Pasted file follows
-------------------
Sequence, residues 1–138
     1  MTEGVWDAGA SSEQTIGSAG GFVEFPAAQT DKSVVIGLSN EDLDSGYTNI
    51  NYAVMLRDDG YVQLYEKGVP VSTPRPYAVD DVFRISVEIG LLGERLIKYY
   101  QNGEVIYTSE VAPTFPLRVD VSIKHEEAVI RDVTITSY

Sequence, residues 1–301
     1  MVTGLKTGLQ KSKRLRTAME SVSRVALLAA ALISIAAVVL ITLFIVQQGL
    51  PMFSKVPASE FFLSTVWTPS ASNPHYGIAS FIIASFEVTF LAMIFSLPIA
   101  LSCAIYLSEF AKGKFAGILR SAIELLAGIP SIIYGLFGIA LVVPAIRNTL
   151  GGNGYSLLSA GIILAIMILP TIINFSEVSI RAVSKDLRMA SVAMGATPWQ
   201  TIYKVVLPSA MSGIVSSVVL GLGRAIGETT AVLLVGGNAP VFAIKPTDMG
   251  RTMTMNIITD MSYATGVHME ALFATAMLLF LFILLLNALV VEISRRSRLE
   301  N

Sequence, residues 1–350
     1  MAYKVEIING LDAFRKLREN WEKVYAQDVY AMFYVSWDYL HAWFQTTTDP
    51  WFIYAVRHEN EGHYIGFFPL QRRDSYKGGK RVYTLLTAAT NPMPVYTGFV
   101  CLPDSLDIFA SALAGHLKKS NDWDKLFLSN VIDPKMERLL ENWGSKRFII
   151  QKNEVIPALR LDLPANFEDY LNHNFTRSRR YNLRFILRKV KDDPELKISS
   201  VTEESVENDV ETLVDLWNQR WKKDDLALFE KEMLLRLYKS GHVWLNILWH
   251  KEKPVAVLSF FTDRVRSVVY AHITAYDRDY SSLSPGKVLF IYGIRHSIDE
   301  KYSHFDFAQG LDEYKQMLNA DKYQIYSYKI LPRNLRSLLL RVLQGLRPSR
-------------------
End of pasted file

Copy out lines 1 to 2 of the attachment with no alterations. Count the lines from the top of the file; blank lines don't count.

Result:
Sequence, residues 1–138
     1  MTEGVWDAGA SSEQTIGSAG GFVEFPAAQT DKSVVIGLSN EDLDSGYTNI